New AHL Gulls franchise to honor local hockey legend Willie O’Ree

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Professional ice hockey makes its return to the San Diego region after a nine-year absence on Saturday, Oct. 10, when the San Diego Gulls face off their inaugural American Hockey League season against the Grand Rapids Griffins at the Valley View Casino Center (Sports Arena).

A large crowd is expected. Game time is 7:05 p.m. 

Professional ice hockey makes its return to the San Diego region after a nine-year absence on Saturday, Oct. 10, when the San Diego Gulls face off their inaugural American Hockey League season against the Grand Rapids Griffins at the Valley View Casino Center (Sports Arena).

A large crowd is expected. Game time is 7:05 p.m. 

The AHL Gulls hope to rekindle the loyalty that area hockey fans had toward the previous Gulls franchise that operated for 11 years at the AA level in the West Coast Hockey League and ECHL. Those Gulls won five Taylor Cup championships during their eight-year run in the WCHL and captured one Brabham Cup regular season points championship during their final three seasons in the ECHL

The newest Gulls franchise is ushering in an exciting new ea. The AHL operates at the AAA level – one step below the premier NHL. The Gulls are an affiliate of the Anaheim Ducks and fans should expect players transitioning between the teams throughout the season.

“It’s going to be exciting for fans in that they might see a guy play for us and the next night see him play against the Kings at the Staples Center,” Gulls GM Bob Ferguson said. 

Have you purchased season tickets yet?

Mr. San Diego Hockey

The previous two Gulls’ franchises (WCHL/ECHL and Western Hockey League) were big on community involvement and the new AHL club has pledged the same. The Gulls will honor legendary adopted San Diegan Willie O’Ree on Friday, Oct. 16, when they host the Bakersfield Condors on Willie O’Ree Night.

O’Ree, who will turn 80 on Oct. 15, made history on Jan. 18, 1958, as the first black player in the NHL. O’Ree played a total of 45 NHL games for the Boston Bruins, including 43 during the 1960-61 season, but earned his place in local lore by playing seven seasons (1967-74) for the original San Diego Gulls of the Western Hockey League.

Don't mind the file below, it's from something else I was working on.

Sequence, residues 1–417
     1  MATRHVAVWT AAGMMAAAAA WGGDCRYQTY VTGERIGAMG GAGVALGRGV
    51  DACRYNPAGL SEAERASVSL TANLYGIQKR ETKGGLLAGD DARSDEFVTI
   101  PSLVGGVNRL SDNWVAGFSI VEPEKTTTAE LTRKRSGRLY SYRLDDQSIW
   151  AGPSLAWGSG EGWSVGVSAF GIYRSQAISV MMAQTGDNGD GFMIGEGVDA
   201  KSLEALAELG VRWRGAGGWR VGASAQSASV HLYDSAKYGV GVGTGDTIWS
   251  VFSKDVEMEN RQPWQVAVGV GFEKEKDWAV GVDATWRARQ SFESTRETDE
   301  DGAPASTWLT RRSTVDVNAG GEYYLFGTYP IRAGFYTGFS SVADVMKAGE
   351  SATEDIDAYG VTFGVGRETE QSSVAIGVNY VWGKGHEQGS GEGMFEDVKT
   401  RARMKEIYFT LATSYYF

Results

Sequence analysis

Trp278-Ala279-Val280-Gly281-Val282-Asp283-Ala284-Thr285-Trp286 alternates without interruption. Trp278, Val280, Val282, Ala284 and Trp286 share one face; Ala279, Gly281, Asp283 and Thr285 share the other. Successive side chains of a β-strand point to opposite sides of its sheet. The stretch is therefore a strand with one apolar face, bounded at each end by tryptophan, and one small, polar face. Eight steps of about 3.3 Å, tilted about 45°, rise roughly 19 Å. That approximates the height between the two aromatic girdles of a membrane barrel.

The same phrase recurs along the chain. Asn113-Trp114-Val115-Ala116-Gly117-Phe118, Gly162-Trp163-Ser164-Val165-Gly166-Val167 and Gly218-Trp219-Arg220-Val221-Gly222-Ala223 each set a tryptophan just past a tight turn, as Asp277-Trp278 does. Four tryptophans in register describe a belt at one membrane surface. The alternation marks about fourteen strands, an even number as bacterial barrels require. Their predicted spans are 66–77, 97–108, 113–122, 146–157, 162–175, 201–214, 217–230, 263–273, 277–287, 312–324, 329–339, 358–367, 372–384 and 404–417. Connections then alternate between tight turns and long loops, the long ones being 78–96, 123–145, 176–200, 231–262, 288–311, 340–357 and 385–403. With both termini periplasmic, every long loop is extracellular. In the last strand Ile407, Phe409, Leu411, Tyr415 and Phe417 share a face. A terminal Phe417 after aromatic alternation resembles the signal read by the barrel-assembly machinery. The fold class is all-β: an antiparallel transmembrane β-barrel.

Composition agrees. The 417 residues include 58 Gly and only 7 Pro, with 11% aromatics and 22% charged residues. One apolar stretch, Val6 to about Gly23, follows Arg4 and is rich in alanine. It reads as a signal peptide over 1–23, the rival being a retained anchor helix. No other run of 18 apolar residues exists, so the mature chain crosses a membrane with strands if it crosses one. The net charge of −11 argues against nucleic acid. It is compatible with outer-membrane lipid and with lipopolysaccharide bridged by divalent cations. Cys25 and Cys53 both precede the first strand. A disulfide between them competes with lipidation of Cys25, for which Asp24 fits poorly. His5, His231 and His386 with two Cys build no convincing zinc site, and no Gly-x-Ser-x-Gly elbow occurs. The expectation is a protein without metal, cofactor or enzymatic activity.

O’Ree became a fan favorite with the Gulls, playing in 447games for the WHL club while scoring 350 points.

O’Ree later came out of retirement at 43 to play one final season of pro hockey with the San Diego Hawks of the Pacific Hockey League when he tallied 46 points in 53 games.

O’Ree, who has been called the “Jackie Robinson of ice hockey,” has since served as the director of youth development for the NHL/USA Hockey Diversity Task Force and an ambassador for NHL Diversity, a position he still holds today. In this role, emphasizing commitment, perseverance and teamwork as core values, O’Ree has aided in introducing the sport of hockey to more than 40,000 boys and girls of diverse backgrounds, and has established nearly 40 local grassroots hockey programs throughout North America.

The longtime La Mesa resident was inducted locally into the San Diego Hall of Champions and Breitbard Hall of Fame in 2008. Also that same year, O’Ree was honored by San Diego State University with an award for outstanding commitment to diversity and cross-cultural understanding

In 2010, O’Ree, a native of Fredericton, New Brunswick, received the Order of Canada, the highest civilian award for a Canadian citizen. He was honored for his contribution both as a hockey pioneer in paving the way for subsequent players of diverse ethnic backgrounds in the NHL and as dedicated youth mentor in both the United States and Canada.

The legendary O’Ree was present at February’s San Diego Hockeyfest when 8,500 fans ringed the arena for the unveiling of the AHL team’s name and logo.

O’Ree, who has repeatedly been recognized for his excellence on and off the playing surface, said he is honored to be honored by the newest San Diego pro hockey team to bear the beloved Gulls moniker.

“I am thrilled to celebrate my 80th birthday with the new San Diego Gulls and hockey fans in San Diego,” O’Ree said. “I’m proud and thankful that the club has chosen to honor me during its inaugural AHL season. This organization has proven time and again its commitment to becoming deeply ingrained in this community, including and beyond the 34 home game dates.”

O’Ree will be honored prior to and during the Oct. 16 game. The ceremony will include the raising of O’Ree’s No. 20 jersey to the arena rafters.

In his 21 pro seasons, including two in the AHL with the Springfield Indians (1957-58) and New Haven Nighthawks (1972-73), he played with only five percent vision in his right eye after being hit with an errant puck two years before his history-making debut with the Bruins.

“Willie is a trailblazer and international sports icon,” explained Gulls President of Business Operations Ari Segal. “While he courageously broke the NHL’s color barrier in 1958, he’s worked tirelessly throughout his life to promote diversity in our sport, and increase access to hockey for people of all races, ethnicities and socio-economic backgrounds. We feel fortunate to have the opportunity to honor him and celebrate his life and historic career on the day after his 80th birthday.”

Fans’ hockey love affair with the venerable O’Ree continues to this day.

“Old Gulls fans all remember Willie O’Ree,” noted West Hills High School roller hockey coach Steve Baldwin, whose four sons have played both ice hockey and roller hockey while growing up in Santee. “We remember his speed, his grace, his support for the San Diego hockey community and how he made history by being the first black player to break the color barrier in the NHL. There’s no doubt Willie has had enormous impact on hockey in the USA.” 

A press release was used in the preparation of this story.

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